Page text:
Otis also stated that:
[Mr. Otis] believed it would not be proper to wait until predatory incursions were made — until the enemy was landed in our country, or until what shall be considered as threatening or actual invasion appeared — before any steps were taken [regarding alien enemies]. He was of opinion that when an enemy authorized hostilities, that was the time to take up that crowd of spies and inflammatory agents which overspread the country like the locusts of Egypt, and who were continually attacking our liberties ... .
It is proposed by this resolution to give the President the power to remove aliens, when the country from which they come shall threaten an invasion. Some believe that this country is at present threatened with an invasion, and with a ravage of our coasts, yet others say that the despatches from our Envoys only consist of unauthorized conversations with [intermediaries of the French government] X, Y, and Z, and therefore not to be relied upon. Mr. O. thought this a more indefinite power than that which he proposed to vest in the President. His opinion was, that something ought to be done which should strike these people with terror; he did not wish to give them an opportunity of executing any of their seditious and malignant purposes; he did not desire, in this season of danger, to boggle about slight forms, nor to pay respect to treaties already abrogated, but to seize these persons, wherever they could be found carrying on their vile purposes. Without this, everything else which had been done in the way of defence would amount to nothing.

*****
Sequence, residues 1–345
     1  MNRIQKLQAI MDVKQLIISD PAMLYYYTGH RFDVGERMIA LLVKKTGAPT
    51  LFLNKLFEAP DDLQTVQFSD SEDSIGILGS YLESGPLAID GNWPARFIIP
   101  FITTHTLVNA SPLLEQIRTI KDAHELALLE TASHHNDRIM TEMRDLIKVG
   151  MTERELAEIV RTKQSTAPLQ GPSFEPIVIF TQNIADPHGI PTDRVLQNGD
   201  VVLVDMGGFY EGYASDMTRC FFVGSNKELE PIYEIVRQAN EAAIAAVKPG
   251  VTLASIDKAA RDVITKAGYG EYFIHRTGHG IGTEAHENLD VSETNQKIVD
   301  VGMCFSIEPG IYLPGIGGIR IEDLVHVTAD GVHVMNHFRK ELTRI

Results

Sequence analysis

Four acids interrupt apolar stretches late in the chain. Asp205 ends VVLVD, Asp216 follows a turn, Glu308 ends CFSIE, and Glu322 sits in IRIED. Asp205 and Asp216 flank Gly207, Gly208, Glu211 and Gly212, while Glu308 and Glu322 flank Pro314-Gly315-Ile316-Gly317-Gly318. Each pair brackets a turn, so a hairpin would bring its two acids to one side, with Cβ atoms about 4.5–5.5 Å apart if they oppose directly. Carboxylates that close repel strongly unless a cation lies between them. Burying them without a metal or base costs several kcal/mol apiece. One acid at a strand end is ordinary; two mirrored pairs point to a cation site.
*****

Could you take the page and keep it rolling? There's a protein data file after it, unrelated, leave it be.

However, Rep. Otis also stated that:
[I]n a time of tranquillity, he should not desire to put a power like this into the hands of the Executive; but, in a time of war, the citizens of France ought to be considered and treated and watched in a very different manner from citizens of our own country.